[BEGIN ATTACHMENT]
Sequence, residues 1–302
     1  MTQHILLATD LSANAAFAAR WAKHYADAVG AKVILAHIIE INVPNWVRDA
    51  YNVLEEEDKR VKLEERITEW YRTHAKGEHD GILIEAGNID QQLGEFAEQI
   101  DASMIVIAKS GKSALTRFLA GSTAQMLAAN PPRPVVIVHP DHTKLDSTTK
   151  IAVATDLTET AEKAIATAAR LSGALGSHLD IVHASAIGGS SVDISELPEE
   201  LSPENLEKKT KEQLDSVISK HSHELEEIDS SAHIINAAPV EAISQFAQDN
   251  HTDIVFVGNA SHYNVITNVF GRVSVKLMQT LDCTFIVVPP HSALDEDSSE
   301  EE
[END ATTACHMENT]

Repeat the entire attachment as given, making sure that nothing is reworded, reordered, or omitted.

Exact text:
Sequence, residues 1–302
     1  MTQHILLATD LSANAAFAAR WAKHYADAVG AKVILAHIIE INVPNWVRDA
    51  YNVLEEEDKR VKLEERITEW YRTHAKGEHD GILIEAGNID QQLGEFAEQI
   101  DASMIVIAKS GKSALTRFLA GSTAQMLAAN PPRPVVIVHP DHTKLDSTTK
   151  IAVATDLTET AEKAIATAAR LSGALGSHLD IVHASAIGGS SVDISELPEE
   201  LSPENLEKKT KEQLDSVISK HSHELEEIDS SAHIINAAPV EAISQFAQDN
   251  HTDIVFVGNA SHYNVITNVF GRVSVKLMQT LDCTFIVVPP HSALDEDSSE
   301  EE